The 69th annual session of the United Nations General Assembly began yesterday morning with a message of urgency and a strong dose of reality. Few leaders—most especially President Obama—could argue with Secretary-General Ban Ki-moon when he said: “It may seem as if the world is falling apart, as crises pile up and disease spreads. But leadership is precisely about finding the seeds of hope and nurturing them into something bigger. That is our duty.”

From the terrorist threat posed by groups like ISIL, to the Ebola epidemic, to the stark realities of climate change, it has certainly been an all-around painful year for diplomats — and more so for the world. And for that very reason, one would be hard pressed to find a year in which the UN system has played a more central role in advancing American interests.

This week, the President and his cabinet are investing considerable time at the UN’s largest annual convening to directly address challenges that are central to our foreign policy priorities. That includes Tuesday’s UN Climate Summit, where the President advanced discussions on climate change and the United States joined countries around the world in taking climate action. It involves a high-level meeting on the response to Ebola where the President will speak on Thursday. And it entails a Friday summit on UN peacekeeping, convened by Vice President Biden, which will “underscore the international community’s commitment to strengthening peacekeeping.”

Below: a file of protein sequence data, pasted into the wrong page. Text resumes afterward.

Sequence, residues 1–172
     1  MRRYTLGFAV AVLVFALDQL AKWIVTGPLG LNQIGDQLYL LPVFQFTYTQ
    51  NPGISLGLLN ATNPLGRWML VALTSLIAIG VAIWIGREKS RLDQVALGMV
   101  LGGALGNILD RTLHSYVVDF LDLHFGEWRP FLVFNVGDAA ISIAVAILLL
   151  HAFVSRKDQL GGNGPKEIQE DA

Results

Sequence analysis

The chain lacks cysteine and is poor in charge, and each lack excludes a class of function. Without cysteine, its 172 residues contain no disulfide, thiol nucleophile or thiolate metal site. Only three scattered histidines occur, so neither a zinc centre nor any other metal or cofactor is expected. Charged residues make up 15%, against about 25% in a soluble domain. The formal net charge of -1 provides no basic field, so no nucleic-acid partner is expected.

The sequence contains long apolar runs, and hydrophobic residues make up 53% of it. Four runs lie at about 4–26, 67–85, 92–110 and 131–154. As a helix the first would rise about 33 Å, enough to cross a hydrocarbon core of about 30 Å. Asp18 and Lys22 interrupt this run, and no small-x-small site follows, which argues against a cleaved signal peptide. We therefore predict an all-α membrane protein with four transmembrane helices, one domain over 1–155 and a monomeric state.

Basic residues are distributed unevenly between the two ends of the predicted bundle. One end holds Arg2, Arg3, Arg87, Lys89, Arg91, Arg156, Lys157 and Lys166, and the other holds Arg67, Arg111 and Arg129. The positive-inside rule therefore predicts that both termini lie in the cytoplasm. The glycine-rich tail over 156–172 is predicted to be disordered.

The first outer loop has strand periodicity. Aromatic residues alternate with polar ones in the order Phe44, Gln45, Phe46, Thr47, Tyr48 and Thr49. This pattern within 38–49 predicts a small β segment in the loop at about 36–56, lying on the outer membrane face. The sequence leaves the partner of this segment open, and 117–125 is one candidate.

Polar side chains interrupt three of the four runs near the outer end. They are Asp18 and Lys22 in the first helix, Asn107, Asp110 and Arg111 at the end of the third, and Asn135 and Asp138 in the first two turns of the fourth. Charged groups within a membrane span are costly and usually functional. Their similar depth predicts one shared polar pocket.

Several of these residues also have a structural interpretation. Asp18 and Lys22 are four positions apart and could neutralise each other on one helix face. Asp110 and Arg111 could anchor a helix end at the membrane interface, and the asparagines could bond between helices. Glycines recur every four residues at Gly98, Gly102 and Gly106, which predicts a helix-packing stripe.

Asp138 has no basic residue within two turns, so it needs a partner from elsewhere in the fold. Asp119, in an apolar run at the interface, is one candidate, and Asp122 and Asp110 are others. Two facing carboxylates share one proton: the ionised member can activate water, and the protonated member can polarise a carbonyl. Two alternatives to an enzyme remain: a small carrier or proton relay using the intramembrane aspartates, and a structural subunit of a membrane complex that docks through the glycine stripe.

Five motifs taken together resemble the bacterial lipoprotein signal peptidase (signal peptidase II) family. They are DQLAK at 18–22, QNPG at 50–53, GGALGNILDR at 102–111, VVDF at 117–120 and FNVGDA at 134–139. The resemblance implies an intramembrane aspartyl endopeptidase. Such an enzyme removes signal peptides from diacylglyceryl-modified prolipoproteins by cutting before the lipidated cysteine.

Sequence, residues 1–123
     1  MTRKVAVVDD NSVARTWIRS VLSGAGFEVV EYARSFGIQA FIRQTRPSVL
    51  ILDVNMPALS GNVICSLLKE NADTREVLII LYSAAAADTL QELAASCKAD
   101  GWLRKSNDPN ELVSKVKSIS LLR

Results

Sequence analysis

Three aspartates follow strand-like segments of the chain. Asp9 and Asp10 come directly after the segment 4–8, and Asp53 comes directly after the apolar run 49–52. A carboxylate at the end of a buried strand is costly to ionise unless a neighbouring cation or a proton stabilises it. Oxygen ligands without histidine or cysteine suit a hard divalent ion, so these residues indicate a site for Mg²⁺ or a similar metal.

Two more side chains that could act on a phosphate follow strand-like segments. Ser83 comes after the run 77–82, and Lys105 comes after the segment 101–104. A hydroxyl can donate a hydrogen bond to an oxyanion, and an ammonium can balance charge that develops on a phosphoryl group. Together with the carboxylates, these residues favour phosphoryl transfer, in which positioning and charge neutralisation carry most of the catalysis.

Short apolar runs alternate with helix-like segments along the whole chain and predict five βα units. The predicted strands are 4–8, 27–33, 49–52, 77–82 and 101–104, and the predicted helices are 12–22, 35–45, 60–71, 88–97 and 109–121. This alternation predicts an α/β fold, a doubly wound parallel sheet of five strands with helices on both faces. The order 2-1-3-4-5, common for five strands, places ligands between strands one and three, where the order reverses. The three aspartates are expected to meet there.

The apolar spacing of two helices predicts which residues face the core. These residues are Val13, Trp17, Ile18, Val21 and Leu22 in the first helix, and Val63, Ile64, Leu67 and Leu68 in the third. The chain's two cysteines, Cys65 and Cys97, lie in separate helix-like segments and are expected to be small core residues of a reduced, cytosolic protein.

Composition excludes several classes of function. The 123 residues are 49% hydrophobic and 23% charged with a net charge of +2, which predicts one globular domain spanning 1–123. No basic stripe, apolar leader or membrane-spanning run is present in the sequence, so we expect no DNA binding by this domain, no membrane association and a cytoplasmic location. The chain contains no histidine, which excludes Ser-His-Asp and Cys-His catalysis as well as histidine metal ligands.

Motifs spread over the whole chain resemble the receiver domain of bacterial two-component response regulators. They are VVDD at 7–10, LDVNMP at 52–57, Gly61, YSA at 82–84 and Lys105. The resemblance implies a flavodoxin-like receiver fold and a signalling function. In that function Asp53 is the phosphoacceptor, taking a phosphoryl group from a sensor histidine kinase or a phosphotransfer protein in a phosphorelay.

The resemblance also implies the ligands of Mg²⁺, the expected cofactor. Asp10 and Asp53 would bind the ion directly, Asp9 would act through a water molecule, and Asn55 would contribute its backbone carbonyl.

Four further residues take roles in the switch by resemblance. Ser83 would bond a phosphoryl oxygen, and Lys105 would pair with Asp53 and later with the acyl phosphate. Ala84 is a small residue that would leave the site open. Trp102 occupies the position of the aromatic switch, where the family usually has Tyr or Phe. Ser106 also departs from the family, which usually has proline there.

Yet, undoubtedly most high profile of all, the President’s commitment to navigating foreign policy objectives through the UN was showcased in yesterday’s speech to the General Assembly, and yesterday’s chairing of the Security Council—a move unprecedented by any other U.S. President. Both events had a clear objective: confronting the terrorist threat posed by groups like ISIL.

In this quest, Obama explicitly chose a context of international cooperation. Speaking from two of the world’s most far-reaching podiums, the President showed that the UN is the right forum to line up global commitments in the fight to stamp out extremism. His efforts at the UN achieved an important result: unanimous approval in the Security Council of a resolution demanding countries toughen their laws to prevent the flow of foreign fighters to terror groups. As the President said, “This is the work that we must do as nations. These are the partnerships we must forge as an international community. And these are the standards that we now must meet.”

Indeed, acting as a global community is an approach that remains an essential—and effective—tool in the U.S. foreign policy toolbox, now more than ever. As Obama said to the General Assembly and to the world, “When nations find common ground, not simply based on power, but on principle, then we can make enormous progress. And I stand before you today committed to investing American strength in working with nations to address the problems we face in the 21st century.”

The greater our global challenges, the more this administration has relied on the collective strength and convening power of the United Nations. In a year marked by grave challenges, that commitment sews exactly the “seeds of hope” which the Secretary-General referenced, and which we desperately need to see.